• 20. Conti.. • The image is erect, virtual and about 15 times magnified in emmetropes. • Technique- should be performed in a semi-darkroom with the patient seated and looking straight ahead , while the observer standing or seated slightly over to the side of the eye to be examined by the observer with his or her right eye and left with the left.
  • 21. Conti.. • The observer should reflect beam of light from the ophthalmoscope into patients pupil.Once the red reflex is seen the observer should move as close to the patients eye as possible. • Once the retina is focused the details should be examined systematically starting from disc, blood vessels, the four quadrant of the general background and the macula.
  • 22. Monocular indirect ophthalmoscopy • It consists of- • Illumination rheostat at its base, • Focusing lever for image refinement, • Filter dial with red free and yellow filters, • Forehead rest for proper observer head positioning, and Iris diaphragm lever to adjust the illumination beam diameter.
  • 23. Conti.. • Optics- an internal relay lens system re-inverts the initially inverted image to a real erect one, which is then magnified. This image is focusable using the focusing lever. • Indications are- • Need for an increased field of view • Small pupils • Uncooperative children • Patients intolerance of bright light of binocular indirect ophthalmoscope.
  • 24. Conti.. • Extent of view- although vitreous base views are possible with monocular IO, its greatest effectiveness extends anteriorly to the peripheral equatorial region. • Advantage- field of view similar to IO and, • Erect real image similar to DO. • Disadvantage –are lack of stereopsis, • Limited illumination and, • Fixed magnification.
  • 25. Indirect ophthalmoscopy • It is very popular method for examination of posterior segment introduced by Nagel in 1864. • PRINCIPLE- • To make the eye highly myopic by placing a strong convex lens in front of patients eye so that the emergent rays from an area of the fundus are brought to the focus as a real,inverted image between the lens and the observers eye.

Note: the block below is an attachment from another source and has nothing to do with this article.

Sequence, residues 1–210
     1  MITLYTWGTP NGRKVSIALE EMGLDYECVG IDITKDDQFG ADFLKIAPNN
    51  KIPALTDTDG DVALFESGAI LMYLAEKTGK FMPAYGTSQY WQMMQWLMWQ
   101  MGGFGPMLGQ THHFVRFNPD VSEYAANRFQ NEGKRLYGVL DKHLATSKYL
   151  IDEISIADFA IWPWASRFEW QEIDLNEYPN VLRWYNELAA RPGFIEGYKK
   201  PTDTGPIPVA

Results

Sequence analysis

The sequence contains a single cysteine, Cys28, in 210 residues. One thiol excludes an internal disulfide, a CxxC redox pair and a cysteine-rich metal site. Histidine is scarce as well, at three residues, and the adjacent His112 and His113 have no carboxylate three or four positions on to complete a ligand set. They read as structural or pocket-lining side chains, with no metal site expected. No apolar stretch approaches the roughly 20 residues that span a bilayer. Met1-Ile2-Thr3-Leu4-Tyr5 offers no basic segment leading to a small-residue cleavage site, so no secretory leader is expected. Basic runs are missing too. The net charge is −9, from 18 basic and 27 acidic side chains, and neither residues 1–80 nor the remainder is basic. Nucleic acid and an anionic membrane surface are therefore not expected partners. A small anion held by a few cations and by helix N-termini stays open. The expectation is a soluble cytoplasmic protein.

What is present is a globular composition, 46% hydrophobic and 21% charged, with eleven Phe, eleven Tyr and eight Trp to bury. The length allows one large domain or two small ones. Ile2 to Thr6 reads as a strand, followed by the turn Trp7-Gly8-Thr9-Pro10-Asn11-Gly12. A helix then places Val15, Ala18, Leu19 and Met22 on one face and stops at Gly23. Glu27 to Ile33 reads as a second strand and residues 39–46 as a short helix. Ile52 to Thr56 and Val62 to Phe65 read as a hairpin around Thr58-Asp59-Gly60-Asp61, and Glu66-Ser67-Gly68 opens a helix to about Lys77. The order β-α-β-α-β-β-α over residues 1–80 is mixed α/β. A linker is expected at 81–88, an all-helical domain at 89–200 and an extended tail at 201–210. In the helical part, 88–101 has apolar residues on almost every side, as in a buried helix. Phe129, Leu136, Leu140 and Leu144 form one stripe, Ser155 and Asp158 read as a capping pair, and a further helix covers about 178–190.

• 27. Cont… • An inverted reverse real image • Magnification = 2 to 4 X • Field of view = 40 to 50 degrees • Optimal working distance = 40 to 50 cms • Good illumination & stereopsis • Ease of use with scleral indentor • Lenses from 14 to 30 D range
  • 28. Conti.. • CHARACTERISTICS- Magnification of image depends upon the dioptric power of convex lens, position of the lens in relation of the eyeball and refractive state of eyeball. • About 5 times magnification is obtained with +13 D lens. • With a stronger lens,image will be smaller, but brighter and field of vision will be more.
  • 29. Prerequisites (1) Dark room (2) source of light and concave mirror or self illuminated indirect ophthalmoscope (3) Convex lens (4) pupils of the patient should be dilated.
  • 30. Technique • The patient is made to lie in the supine position, with one pillow on a bed or couch and instructed to keep both eyes open. • The examiner throws the light into patients eye from an arms distance. • In practise, Binocular ophthalmoscope with head band or that mounted on the spectacle frame is employed most frequently.
  • 31. Conti.. • Keeping his or her eyes on the reflex, the examiner then interposes the condensing lens in the path of beam of light, close to the patient eye, and then slowly moves the lens away from eye until the image of retina is clearly seen.
  • 32. Contin.. • The examiner moves around the head of the patient to examine different quadrants of the fundus. • He or she has to stand opposite to clock hour position to be examined. • By asking the patient to look in extreme gaze,and using of scleral indenter, the whole peripheral retina up to ora serrata can be examined.
  • 33. Scleral indentation • Helps in making prominent the barely perceptible lesions, done with the depressor placed on patients lid. • Examiner should move the scleral depressor in a direction opposite to that in which he or she wishes the depression to appear. • Scleral depressor should be rolled gently and tangentially over the eye surface. • The temporal part of upper lid is sufficiently lax so depressor can be placed inferiorly in the horizontal meridian.
  • 35. Disadvantage • Technique is difficult and can be mastered by hours of practice. • Magnification is less compare to DO. • It is impossible with very small pupil. • Patient is usually more uncomfortable with intense light of IO and with scleral ndentation. • Reflex sneezing can occur on exposure to bright light.
  • 36. Advantage of indirect system • Image not affected by the patients refractive power • In eyes with nystagmus • Delivery of LASER • Binocular examination of fundus up-to the periphery • Large field of view allow for the panoramic view • Better Resolution • Use in operating room for cryo/scleral buckling • Better view in presence of media opacities • Increased illumination • Reduced distortion
  • 37. Direct versus indirect ophthtlmoscopy